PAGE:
At the same time, however, many concede these are inevitable developments. Both Flint and Fitz have charmat method sparkling on the market. ‘When we looked at the fantastic English sparklings on the market, we started to feel the choice was a little narrow,’ reads the text on Fitz’s website. ‘So we decided to experiment with different grape varieties and produce our wines differently using the charmat method. We saw a gap and moved to fill it.’ Monery of Vagabond dreams of ‘setting up a plant in the UK to make a million bottles a year’, of low-intervention charmat, saying it could be ‘huge as a product category’.

Peter Richards MW: My take

'Frontier winemaking' is how one winemaker described English wine to me recently. I couldn’t agree more. Most producers are essentially exploring uncharted territory. That’s precisely what makes it exciting. Anything seems possible. It’s also why we shouldn’t be sniffy about diversification. Sure, some products will be gimmicky or cynical. But the market’s not stupid. Only the best sites, producers and wines will survive over time. Without experimentation and innovation, we may never know what truly works best. I believe there’s a place for well-made non-traditional-method sparkling wine, but it will be hard to compete with the likes of prosecco and remain profitable. Brands will need to be strong and well differentiated in the market. Meanwhile, traditional-method sparkling will remain the mainstay of production, sales and exports. Still wines hold huge promise, especially as the climate warms. In a market increasingly demanding refreshing, food-friendly, nuanced, lower-alcohol styles, England and Wales can deliver in spades. Chardonnay will lead the charge but Pinot Noir, Bacchus, Ortega and Pinot Gris have potential. The best still wines aren’t cheap but they are distinctive, frequently delicious and getting better all the time. Our cellar is already filling up with them…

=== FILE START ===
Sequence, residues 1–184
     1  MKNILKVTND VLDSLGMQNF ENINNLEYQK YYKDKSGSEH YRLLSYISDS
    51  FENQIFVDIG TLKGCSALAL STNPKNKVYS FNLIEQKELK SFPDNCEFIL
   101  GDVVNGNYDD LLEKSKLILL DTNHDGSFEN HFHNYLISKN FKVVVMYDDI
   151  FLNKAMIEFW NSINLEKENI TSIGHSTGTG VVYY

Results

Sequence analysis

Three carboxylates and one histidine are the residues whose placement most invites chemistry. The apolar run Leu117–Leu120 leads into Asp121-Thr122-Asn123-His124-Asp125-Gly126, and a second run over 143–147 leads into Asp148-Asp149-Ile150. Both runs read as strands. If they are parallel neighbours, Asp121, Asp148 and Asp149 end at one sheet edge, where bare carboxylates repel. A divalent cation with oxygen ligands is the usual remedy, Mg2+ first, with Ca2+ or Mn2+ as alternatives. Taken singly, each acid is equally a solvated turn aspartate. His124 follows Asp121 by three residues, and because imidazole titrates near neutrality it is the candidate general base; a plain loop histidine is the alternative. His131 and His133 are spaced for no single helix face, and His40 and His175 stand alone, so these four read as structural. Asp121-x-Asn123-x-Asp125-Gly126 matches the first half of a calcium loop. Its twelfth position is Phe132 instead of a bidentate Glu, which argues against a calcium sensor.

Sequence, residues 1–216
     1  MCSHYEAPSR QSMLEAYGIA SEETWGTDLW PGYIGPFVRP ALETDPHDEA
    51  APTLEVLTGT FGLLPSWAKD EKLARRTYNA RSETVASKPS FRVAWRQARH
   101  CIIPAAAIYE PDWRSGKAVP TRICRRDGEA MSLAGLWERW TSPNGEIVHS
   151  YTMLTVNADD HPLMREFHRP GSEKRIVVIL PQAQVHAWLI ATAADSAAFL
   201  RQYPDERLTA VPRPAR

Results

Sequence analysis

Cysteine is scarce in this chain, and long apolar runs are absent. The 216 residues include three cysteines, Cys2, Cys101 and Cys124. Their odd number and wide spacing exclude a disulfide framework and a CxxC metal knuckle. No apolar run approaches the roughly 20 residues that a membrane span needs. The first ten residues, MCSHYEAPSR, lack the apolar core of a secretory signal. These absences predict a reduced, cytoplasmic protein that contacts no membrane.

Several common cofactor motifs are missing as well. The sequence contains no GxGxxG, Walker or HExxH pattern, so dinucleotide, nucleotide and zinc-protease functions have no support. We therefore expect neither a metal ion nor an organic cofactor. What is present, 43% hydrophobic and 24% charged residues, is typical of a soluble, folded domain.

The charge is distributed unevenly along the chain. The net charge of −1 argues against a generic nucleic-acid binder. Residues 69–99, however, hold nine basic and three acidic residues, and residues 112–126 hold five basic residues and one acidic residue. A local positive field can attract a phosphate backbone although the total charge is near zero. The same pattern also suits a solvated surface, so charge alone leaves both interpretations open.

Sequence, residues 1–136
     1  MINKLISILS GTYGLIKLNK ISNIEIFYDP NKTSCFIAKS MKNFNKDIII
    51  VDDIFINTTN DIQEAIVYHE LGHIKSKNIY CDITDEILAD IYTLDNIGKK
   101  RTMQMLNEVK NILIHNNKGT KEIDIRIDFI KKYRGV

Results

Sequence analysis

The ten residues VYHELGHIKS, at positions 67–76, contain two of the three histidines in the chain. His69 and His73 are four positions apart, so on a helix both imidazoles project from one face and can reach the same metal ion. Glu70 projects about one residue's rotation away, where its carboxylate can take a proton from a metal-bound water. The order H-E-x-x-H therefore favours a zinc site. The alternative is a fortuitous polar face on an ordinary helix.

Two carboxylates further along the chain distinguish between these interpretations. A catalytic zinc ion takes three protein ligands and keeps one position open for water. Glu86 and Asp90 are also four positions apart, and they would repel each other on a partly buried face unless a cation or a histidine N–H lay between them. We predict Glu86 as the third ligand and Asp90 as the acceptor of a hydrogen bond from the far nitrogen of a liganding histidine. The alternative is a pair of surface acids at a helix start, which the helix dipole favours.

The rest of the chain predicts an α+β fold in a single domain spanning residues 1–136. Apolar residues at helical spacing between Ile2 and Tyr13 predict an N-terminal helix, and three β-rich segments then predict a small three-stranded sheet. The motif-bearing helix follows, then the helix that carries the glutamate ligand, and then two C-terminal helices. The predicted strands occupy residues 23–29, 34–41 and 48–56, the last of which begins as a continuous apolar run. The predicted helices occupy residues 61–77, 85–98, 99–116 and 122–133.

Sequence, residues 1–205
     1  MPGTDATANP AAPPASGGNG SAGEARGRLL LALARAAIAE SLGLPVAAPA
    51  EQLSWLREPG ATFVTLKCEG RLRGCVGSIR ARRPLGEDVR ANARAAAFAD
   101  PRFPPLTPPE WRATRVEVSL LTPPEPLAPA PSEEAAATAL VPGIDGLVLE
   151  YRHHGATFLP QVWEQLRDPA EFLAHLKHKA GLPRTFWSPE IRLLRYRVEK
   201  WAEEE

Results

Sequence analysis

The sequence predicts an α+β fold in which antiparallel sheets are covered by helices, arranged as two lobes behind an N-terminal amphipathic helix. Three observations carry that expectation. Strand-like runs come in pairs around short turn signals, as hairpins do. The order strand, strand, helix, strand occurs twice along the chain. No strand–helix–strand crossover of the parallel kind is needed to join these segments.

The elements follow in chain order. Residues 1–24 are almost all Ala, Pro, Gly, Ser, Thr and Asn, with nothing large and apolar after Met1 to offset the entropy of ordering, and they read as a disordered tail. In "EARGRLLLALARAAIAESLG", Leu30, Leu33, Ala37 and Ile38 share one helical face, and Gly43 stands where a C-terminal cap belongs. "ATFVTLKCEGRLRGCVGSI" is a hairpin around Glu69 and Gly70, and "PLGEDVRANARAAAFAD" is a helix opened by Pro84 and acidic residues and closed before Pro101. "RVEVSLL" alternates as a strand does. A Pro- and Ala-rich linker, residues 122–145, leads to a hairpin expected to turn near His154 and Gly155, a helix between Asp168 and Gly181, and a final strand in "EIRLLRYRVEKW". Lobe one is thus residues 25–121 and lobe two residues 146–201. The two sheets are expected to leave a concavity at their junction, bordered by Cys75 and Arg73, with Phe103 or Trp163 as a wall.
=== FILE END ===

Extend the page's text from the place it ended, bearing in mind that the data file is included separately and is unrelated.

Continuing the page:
Blackbook’s Verrillo also backs charmat. ‘As long as it tastes good and is made well, then I’m all for it. What we need to bear in mind as an industry is that with methods such as charmat, we extend our reach to the consumer, which benefits all. However, quality needs to be paramount.’ Long-time organic wine producer Will Davenport makes a similar point about pet-nat (the lightly sparkling, often cloudy style). ‘Our pet-nat started as a challenge in 2015, but the quality has exceeded my expectations and we’ve made it every year since.’ However, while he describes it as ‘a fun wine to make’ and notes it has proved very popular with customers and adds that production is necessarily small as ‘the grapes need to be completely right for this style, and it’s very time-consuming to make during harvest as the wine is bottled mid-ferment.’